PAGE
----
Because professors live for intellectual exploration and publish works that challenge orthodoxy, they have been the indispensable interpreters of the nation's zeitgeist since our first universities were founded in the 1600s.
For that status, they often pay a heavy price.
Today, as a result of the speed and ubiquity of social media, the views of scholars are instantly available to anyone with a computer. And, unfortunately, because of increasing tribalization of ideologies and the election of President Donald Trump, an anti-intellectual, professors are targets of politics like never before....
After my 6-year-old twin grandsons graduated from kindergarten last week, I took them and their mother, my daughter, to the Kennedy Space Center Visitor Complex to celebrate. I wanted them to have fun and learn in a welcoming, safe and inspiring environment.
What better place than the space center, where more than 1.5 million visitors come each year from around the world? At the outset, in the parking lot and in the ticket line to enter the 70-acre complex, we could hear the world around us through languages we didn't understand and see it in attire that was unfamiliar....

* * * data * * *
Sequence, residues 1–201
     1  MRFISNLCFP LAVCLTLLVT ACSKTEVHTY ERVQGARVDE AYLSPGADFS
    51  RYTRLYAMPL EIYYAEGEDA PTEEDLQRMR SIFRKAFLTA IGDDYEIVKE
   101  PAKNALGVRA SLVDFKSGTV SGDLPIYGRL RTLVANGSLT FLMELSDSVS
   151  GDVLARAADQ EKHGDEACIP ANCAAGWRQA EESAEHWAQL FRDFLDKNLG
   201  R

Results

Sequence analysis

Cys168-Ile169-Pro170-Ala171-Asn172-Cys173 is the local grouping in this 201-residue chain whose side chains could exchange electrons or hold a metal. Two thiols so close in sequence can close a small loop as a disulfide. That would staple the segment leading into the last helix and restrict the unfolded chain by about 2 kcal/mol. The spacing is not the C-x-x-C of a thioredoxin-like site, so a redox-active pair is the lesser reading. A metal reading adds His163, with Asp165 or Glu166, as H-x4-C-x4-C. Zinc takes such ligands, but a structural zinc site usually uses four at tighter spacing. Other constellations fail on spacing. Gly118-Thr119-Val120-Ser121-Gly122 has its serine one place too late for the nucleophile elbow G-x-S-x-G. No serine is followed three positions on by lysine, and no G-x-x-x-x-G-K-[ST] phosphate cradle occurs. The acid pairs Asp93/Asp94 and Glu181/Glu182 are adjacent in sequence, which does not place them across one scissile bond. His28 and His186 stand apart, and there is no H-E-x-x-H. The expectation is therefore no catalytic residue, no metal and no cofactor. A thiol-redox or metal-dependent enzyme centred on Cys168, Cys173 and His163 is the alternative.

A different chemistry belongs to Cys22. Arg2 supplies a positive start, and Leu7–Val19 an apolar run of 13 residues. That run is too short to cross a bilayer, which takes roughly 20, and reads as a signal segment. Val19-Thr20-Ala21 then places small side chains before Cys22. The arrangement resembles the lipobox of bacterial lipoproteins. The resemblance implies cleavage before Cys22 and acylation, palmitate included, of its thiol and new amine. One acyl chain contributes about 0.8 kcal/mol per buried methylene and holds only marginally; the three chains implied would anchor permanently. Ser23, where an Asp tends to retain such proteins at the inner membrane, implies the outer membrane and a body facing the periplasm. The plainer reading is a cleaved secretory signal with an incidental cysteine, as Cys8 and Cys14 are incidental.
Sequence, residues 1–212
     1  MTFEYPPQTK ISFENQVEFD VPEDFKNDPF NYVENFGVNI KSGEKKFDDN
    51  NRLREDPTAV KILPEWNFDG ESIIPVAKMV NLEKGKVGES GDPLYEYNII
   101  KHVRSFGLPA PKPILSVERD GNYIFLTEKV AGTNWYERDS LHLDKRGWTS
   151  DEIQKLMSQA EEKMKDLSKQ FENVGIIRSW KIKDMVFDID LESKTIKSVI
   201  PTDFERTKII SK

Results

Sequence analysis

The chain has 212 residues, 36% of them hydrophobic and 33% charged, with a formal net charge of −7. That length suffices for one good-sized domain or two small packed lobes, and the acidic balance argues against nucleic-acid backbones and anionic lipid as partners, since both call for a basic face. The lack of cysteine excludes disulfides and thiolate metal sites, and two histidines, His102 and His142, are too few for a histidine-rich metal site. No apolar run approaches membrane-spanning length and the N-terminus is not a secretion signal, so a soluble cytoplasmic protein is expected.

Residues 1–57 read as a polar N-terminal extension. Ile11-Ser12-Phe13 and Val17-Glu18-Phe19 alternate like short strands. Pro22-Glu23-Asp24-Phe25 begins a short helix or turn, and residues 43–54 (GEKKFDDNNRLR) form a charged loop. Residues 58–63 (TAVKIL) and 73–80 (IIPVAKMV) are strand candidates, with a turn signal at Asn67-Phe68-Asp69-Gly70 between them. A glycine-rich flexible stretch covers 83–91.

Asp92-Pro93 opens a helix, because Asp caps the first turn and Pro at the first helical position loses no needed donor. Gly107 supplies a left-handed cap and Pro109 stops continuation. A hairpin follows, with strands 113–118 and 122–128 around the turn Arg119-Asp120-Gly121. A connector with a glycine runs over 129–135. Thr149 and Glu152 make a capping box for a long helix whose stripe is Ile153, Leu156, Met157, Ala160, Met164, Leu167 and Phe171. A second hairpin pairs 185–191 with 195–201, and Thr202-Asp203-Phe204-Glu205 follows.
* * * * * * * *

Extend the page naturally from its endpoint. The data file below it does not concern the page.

During the final minutes of the 2016 presidential debate, Republican nominee Donald Trump called Democrat Hillary Clinton a "nasty woman." I wasn't surprised by the insult. After all, it was quintessential Trump. I was disappointed many Americans were blasé about it.
That "nasty woman" moment and our collective reaction to it reawakened my awareness that women are the most vulnerable members of societies in most places worldwide. I also was reminded that women everywhere must be courageous when they demand rights most men take for granted. In many parts of the world, including the United States, women are labeled dangerous or nuisances if they shake up the political status quo....
Art has never had it easy. It never will.
Art is always personal and public at the same time. No art is ever a thing unto itself because we view it, study it and judge it. We can love it or hate it.
Some of us wish that some art had not been made and should be destroyed, its creator pilloried. Such is the case with Open Casket, Dana Schutz's painting at the Whitney Biennial in New York. Her cubist work reimagines the gruesomeness of the 1955 Jet magazine photo of Emmett Till's mutilated remains in his coffin....
Among the casualties of President Donald Trump's budget slashing would be the national Sea Grant College Program. This cut reflects a lack of understanding about the program's importance and makes no sense.